As US President Barack Obama's new health insurance plan takes effect this month, Indian outsourcers handling customer care for insurers there are expecting a big boost in business.
These BPOs are betting on confused customers jamming phone lines and cluttering inboxes seeking clarity on what kind of health coverage they are eligible for, what they need to do to sign up and how much it will cost them.
The landmark overhaul nicknamed Obamacare, which brings an additional 30 million Americans into the health insurance net, is already being targeted by Indian IT services companies, such as Cognizant, Infosys, HCL Technologies and Wipro, who are vying to build parts of the technology backbone of online health exchanges that link customers to insurance plans.
The US Department of Health and Human Services estimates that the call centres will receive 42 million calls about the federal marketplaces this year—a daily average of up to 200,000—plus answer 2,400 letters and 740 e-mails, and host 500 web chats daily.
The US government has already awarded a $28-million, one-year contract to Vangent, a unit of General Dynamics, to handle consumer questions. The Indian BPOs scent an additional business opportunity as well.
"US healthcare reform will mean incremental business because consumers will want to know how they are affected. It is still early though; the industry is waiting and watching," said Sandeep Aggarwal, chief marketing officer at Serco Global Services. The Indian BPO industry had revenues of $18 billion (Rs 1.1 lakh crore) in the last fiscal year, with US clients contributing more than half of the business.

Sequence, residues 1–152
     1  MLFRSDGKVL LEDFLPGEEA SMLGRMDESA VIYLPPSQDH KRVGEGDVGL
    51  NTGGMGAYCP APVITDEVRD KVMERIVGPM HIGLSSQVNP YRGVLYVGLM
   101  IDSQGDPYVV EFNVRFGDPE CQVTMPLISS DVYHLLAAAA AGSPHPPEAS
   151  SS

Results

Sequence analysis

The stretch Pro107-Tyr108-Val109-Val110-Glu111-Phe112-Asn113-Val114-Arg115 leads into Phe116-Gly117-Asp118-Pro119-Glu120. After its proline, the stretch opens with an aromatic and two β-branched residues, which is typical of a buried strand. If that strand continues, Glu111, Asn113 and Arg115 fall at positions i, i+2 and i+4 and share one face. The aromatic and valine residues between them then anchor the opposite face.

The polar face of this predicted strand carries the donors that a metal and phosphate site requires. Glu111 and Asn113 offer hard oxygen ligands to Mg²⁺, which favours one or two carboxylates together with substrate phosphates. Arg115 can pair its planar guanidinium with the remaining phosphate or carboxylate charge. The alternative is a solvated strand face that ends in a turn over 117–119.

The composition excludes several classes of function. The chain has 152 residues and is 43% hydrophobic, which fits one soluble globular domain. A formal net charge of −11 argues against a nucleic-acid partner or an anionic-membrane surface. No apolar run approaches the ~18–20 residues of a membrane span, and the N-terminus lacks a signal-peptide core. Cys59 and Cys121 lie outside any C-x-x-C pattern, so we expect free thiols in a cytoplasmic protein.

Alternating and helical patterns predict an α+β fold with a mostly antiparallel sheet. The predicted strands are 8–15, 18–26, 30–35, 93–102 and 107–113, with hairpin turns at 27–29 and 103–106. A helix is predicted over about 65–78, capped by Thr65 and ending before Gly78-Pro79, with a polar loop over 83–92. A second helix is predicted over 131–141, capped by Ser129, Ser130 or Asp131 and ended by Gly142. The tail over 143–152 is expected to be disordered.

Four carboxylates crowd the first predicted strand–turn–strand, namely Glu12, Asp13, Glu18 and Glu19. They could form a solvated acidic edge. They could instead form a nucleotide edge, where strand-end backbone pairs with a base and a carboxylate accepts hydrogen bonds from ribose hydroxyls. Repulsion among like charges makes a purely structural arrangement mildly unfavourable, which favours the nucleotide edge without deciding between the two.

"The federal government stimulus lead by President Obama's Patient Protection and Affordable Care Act (Obamacare) is driving major growth in the market," Jennifer Mazzucca, senior research analyst at Gartner said in an email. "We expect major growth in business to consumer services offering opportunities for ICT (information and communication technology) firms as payer organisations are working to keep up with the technology demands driven from healthcare reform."
Mazzucca added the US healthcare payer market is expected to grow by 6.05% to reach $ 17.9 billion in 2013. Business process outsourcing with a growth rate of 9.8% and expected market size of $ 1.66 billion will show the strongest growth in 2013. There is a precedent to a new law boosting business for BPOs.
When the US government amended its Fair Credit Reporting Act over a decade ago to allow customers to receive a free credit report annually from the agencies, it sparked a flurry of calls to Indian BPOs, which had to boost capacity to deal with higher call volumes.
US insurance companies have started taking steps to deal with the surge in calls, according to IT advisory firm ISG. "Many payers are planning for the anticipated surge in customer queries by ramping up staff augmentation efforts and providing script-based training so that agents can respond to specific queries," Al Denis, director at ISG, wrote in a blog on the company's website. Denis added that companies should also use analytics to better understand customer queries and formulate better action plans.
But the uncertainty over the US healthcare law is preventing insurers from making the investments necessary to deal with the influx of calls. Though the healthcare law was enacted in 2010, numerous attempts by the US Republican party to have the law repealed and a Supreme Court hearing on its legality added to uncertainty about its implementation.
"Everyone knows they are going to have a surge in volume and are looking at their BPO partners to support the same," said Venkatraman KR, executive vice president of FirstSource. "The uncertainties around the timing and the accuracy of the reform's outcome are leading to many insurers not making significant capacity increase commitments."
The current US government shutdown also involves the law, as the Republican Party has refused to approve funding for the US government unless Obamacare implementation is delayed.Venkatraman added the company was looking at different models including what they call an "overflow model" - in which the BPO would provide peak period support on a per call pricing model - or a more standard agent-price model but that there was uncertainty over how long the contract add-ons would last.